Project Planning without Excel

Are you frustrated with spreadsheet-based project plans?

Do you struggle when creating, editing or updating spreadsheets used as project plans and schedules? Figuring out formulas got you down? Has sharing project data via spreadsheets become cumbersome or untenable during the life of your project? If you answered YES to any of the above, then this post is for you…

Software-wise, struggling with spreadsheets during the planning, execution and closing of projects is one of the most common complaints from planners that are both new to the job or have years of experience. This is not a failing of the manager, but of the tool used! Users of Excel, Smartsheet or other spreadsheet packages face unnecessary difficulties because of the tool itself; here are just three reasons why that software choice is problematic:

  1. Spreadsheet applications (such as Excel) are generic tools that need to be customized to be useful (for example, when formulas and/or macros are written to calculate project data). 
  2. Some spreadsheet applications (such as Excel), are difficult to share with the project team, and these critical project files face problems when emailed or networked with other users. 
  3. Online spreadsheet applications like Smartsheet or Google Sheets are easier to share than say Excel (because online apps are built with sharing in mind), they don’t include means or methods to calculate costs of any resources planned and later used. (And without that, what are you really managing?)

Specifically, let’s take Excel (out-of-the-box) as an example and look at some of the critical PM features that you are not getting from this app: 

  • Excel does not store baseline data on how your plan has changed over time. In fact, there is no log of changes whatsoever, unless you create one on your own.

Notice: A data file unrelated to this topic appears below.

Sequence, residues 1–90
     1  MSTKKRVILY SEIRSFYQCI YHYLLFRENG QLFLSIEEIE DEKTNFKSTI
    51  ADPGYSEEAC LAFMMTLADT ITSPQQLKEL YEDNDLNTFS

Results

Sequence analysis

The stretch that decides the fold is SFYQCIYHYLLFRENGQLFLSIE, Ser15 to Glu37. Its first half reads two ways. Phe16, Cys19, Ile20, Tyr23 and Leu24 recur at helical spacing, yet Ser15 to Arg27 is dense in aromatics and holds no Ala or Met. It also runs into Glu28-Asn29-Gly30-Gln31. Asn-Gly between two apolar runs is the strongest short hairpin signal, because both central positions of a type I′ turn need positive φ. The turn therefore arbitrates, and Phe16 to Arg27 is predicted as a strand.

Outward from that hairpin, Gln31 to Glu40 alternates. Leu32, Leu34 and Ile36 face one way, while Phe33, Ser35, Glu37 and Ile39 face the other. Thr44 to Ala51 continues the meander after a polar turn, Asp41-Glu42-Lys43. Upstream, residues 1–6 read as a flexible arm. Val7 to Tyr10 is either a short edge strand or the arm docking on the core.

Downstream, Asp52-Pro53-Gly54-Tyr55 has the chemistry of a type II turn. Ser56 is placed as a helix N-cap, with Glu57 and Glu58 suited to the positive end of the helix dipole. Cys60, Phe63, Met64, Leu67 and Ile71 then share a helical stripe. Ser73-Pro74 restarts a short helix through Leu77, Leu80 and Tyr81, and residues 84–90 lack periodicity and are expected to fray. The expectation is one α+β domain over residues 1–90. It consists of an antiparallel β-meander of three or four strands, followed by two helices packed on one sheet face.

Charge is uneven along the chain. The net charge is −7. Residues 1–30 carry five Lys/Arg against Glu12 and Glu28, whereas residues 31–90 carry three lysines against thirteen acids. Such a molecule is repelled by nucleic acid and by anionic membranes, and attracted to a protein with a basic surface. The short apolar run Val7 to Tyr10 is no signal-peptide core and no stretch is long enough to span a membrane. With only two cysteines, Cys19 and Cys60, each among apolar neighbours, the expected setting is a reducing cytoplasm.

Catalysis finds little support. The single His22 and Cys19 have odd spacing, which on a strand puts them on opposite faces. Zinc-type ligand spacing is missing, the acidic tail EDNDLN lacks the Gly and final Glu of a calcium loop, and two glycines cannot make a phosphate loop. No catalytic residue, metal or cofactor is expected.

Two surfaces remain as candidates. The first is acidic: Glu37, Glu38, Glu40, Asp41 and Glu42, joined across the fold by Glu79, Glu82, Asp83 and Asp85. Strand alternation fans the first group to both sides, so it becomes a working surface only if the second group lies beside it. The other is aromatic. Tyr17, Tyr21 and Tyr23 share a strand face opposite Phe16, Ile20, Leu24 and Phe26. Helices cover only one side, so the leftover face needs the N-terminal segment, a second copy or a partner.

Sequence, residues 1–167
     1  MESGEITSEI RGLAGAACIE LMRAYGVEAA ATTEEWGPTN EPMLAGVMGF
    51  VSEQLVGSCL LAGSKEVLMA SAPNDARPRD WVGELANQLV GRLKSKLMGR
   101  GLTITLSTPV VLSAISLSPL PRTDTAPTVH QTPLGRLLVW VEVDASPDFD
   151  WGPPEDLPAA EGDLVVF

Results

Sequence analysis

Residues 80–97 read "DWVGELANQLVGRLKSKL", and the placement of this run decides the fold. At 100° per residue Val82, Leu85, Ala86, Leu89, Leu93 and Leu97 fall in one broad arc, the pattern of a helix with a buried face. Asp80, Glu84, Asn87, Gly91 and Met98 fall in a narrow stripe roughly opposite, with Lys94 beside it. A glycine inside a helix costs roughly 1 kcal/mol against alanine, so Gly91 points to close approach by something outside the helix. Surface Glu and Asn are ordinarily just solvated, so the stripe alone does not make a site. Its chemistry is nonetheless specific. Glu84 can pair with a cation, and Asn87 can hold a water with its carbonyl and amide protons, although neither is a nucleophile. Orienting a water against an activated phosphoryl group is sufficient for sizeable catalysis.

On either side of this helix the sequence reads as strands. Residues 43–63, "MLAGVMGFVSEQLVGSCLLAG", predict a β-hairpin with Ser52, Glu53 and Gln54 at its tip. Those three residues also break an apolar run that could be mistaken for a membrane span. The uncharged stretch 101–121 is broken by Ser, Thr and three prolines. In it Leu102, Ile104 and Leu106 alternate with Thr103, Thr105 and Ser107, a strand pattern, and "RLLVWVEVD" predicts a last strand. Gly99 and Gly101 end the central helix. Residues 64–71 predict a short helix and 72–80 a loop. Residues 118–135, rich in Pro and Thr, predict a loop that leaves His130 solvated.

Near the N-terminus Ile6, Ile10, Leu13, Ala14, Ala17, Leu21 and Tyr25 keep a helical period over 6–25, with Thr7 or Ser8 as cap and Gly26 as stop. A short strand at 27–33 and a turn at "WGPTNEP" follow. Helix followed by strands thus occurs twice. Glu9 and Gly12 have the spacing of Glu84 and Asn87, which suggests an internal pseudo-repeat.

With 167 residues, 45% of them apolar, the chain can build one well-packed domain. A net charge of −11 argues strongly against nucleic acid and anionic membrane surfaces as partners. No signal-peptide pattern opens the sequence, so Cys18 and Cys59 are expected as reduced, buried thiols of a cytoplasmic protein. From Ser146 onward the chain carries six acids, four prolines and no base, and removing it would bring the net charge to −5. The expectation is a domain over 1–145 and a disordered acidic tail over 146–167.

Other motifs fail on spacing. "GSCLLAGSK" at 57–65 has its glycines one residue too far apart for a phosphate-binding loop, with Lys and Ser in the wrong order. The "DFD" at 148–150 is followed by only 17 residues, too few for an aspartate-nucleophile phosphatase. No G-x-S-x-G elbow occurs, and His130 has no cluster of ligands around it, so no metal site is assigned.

• Excel does not calculate critical paths, unless you program it to do so. 
  • Excel does not automatically create Gantt charts, and creating one from scratch is an exercise in futility as data changes over time.
  • Excel does not automatically track resources, thus keeping you in the dark over time.
  • Excel does not have canned reporting tools geared for project management; for example, for creating milestone, budget or resource reports.

This deficiency list goes on a bit longer, but you get the idea; Excel is just not up to the task of being a project management tool without a lot of needless work on your part. Much of the same can be said of another popular spreadsheet tool - Smartsheet - which is advertised specifically for project work, but is lacking the following critical features:

  • Smartsheet does not allow individual calendars for individual resources used within your plan, so precise time management is near impossible.
  • Smartsheet does not facilitate project budgeting, as there is no way to track what the cost of people or material resources are costing during the life of your project.
  • Smartsheet does not allow for offline editing of your plan, at least not without a lot of file manipulation and make-work.

Smartsheet (and other online PM tools) are walled-off gardens, inhibiting the quick growth of teams and making common cloud-file sharing that more difficult.

Looking to Project Plan 365 and/or Microsoft Project…